During the medieval period, the markets in the towns and cities were not adequately integrated and as a result there was no free play of supply was permitted oscillations round the ‘just price’ according to some market fluctuations. He also justified taking of a higher price where the seller would otherwise likely to incur loss.  Also, he held that a seller can lawfully charge higher, “either because he has improved the article in some respect, or because the price of the article has been changed on account of the danger to which he exposes himself in transferring the article from place to place or in causing it to be transferred”. Therefore, students are required to understand the distinction between ‘just price’ and ‘market price’.

On usury

St.Thomas Aquinas adopted the line of thinking of Aristotle and the Bible regarding usury. The teachings of Christ and Gospels unmistakably condemned the receipt of interest on lending. In the words of Jesus, “lend freely hoping nothing thereby”. To them, enriching through lending of money at interest was regarded as the very worst form of the pursuit of gain. The Hebrews had also done the same. With the growth of money economy and with the expanding opportunities for profitable investment of money the concept of usury has underwent gradual change in the thinking process. The development of trade and commerce and opportunities for monetary transactions in the latter medieval period, two tendencies were fast developing, first increasing justification for lending of money on interest, and secondly, the Church became more strict and loud in its general condemnation of taking interest.

St. Thomas Aquinas based his doctrine against usury as much if not more on Aristotle’s argument as on Scripture. Aristotle condemned usury because he regarded money as barren. To develop his argument he made use of Roman law.  Under the law, goods were of two kinds – consumptibles and non-consumptibles or ‘fungibles’.   The former goods are those which are consumed in use and the latter goods are those which are not consumed in use. He and Canonists put money in the first category and concluded that “to demand interest in addition to the return of the loan was to seek an unnatural and unjust gain” (Eric Roll).  St. Thomas Aquinas allowed certain exceptions to this rule.   St. Thomas opined that under certain circumstances interest could be charged on loans given.   Firstly, where a lender was suffering a loss by means of a delay in the repayment, then the lender was entitled to exact a penalty as compensation. The Church opined that there was a bonafide loss on the part of lender due to the genuine delay. The arguments opened the doors to the charging of interest. Secondly, where a person has lost the chance of getting a gain via lending money, there was a justification for receiving interest. Thirdly, if a lender suffered any damage because of having parted with his funds, he could charge interest. Lastly, if there was any risk involved, interest could be charged. Some of the thinkers of the medieval period went so far to say that a merchant who borrowed money might justly be expected to pay 5 percent rate of interest. After the close of the medieval period, the Scholastic doctrine gradually approved of interest on loans.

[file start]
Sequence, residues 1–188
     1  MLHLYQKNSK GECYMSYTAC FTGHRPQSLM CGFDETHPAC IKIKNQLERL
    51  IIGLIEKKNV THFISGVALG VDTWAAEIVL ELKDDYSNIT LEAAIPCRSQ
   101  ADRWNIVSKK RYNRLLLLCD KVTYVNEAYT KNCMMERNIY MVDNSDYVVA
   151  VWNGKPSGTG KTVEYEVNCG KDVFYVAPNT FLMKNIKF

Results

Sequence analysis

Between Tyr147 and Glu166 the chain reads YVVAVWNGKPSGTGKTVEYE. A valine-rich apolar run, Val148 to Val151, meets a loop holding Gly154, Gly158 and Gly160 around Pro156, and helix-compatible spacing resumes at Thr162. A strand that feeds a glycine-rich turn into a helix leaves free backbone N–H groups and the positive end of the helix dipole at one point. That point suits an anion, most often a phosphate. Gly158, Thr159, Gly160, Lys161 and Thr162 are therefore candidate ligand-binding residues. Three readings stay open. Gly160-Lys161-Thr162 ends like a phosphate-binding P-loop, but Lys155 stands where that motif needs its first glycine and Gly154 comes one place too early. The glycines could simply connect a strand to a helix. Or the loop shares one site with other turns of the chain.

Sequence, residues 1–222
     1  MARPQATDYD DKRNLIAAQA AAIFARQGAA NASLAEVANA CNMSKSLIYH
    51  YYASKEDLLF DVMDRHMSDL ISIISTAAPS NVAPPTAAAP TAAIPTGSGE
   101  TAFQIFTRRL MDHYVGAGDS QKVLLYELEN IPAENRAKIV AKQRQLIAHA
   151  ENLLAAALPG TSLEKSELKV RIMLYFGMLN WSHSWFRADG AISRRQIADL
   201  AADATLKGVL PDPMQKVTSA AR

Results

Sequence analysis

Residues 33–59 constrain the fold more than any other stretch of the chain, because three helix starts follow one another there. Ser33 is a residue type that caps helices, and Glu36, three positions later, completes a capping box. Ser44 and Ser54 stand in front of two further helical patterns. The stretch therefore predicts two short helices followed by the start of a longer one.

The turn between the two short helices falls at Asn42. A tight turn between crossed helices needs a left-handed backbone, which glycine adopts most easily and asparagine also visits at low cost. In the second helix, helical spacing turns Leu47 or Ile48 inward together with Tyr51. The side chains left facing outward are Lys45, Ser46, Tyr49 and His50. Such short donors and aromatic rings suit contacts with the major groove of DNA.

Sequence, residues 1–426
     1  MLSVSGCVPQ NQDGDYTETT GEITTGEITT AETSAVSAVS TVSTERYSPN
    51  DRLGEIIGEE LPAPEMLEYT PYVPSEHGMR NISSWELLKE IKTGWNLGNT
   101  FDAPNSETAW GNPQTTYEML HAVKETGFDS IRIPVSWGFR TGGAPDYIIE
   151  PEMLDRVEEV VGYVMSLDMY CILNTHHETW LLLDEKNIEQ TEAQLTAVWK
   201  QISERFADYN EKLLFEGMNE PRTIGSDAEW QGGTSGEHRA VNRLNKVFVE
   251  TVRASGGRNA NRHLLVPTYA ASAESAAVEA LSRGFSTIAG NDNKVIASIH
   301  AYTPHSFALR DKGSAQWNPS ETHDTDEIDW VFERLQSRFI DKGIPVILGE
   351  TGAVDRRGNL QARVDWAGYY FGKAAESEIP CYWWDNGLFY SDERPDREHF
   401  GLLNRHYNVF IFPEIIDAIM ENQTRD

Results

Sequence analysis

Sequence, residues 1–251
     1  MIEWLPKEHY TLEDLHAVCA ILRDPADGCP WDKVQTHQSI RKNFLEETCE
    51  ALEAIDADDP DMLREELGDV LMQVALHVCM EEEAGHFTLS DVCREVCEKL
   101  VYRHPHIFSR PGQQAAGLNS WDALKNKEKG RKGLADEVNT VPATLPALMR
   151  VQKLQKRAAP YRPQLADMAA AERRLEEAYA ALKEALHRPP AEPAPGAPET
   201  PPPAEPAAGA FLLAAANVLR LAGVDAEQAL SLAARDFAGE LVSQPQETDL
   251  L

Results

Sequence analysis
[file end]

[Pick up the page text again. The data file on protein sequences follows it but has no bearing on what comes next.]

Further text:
On division of labour

St.Thomas Aquinas agreed with Aristotle regarding the division of labour.  The Schoolmen did not agree with the ignobility of certain forms of labour unlike Greeks. Any type of labour was considered as noble. But the condition is that labour must lead to some kind of service to the citizens. The Schoolmen laid great emphasis on the use of anything, including labour, which is then regarded as natural and desirable. But to Greeks, only agriculture labour was natural and therefore productive.

On economic functions of the state

The medieval state was likened to a private economy. The office of the state was regarded as private property. This was the case particularly in 12th and 13th centuries.  The head of the state received its income from estates under its jurisdiction, properties of resident foreigners, royalty on land sales, rights over purchase of lands, rights of purveyance, properties of diseased persons, national treasures  and from the ruler’s inherited rights of property.  Almost the tax system was absent. The functions of the state included maintenance of population, provision to the poor, the establishment of safe and free roads,  of weights and measures, and special coinage. The establishment of an exact and unchanging system of coinage was the most important duty of the ruler.  St.Thomas Aquinas opined that by money the king could buy food for his people in times of war. Also, the king had the power to control and regulate the monetary system and to make laws for the prevention of counterfeiting of coins. This power enabled the king to stabilize the prices.

The medieval rulers were mostly inefficient administrators and lacked human touch. Also, the working of the legislative measures taken up was not up to the mark. The administrative machinery used to be highly corruptive.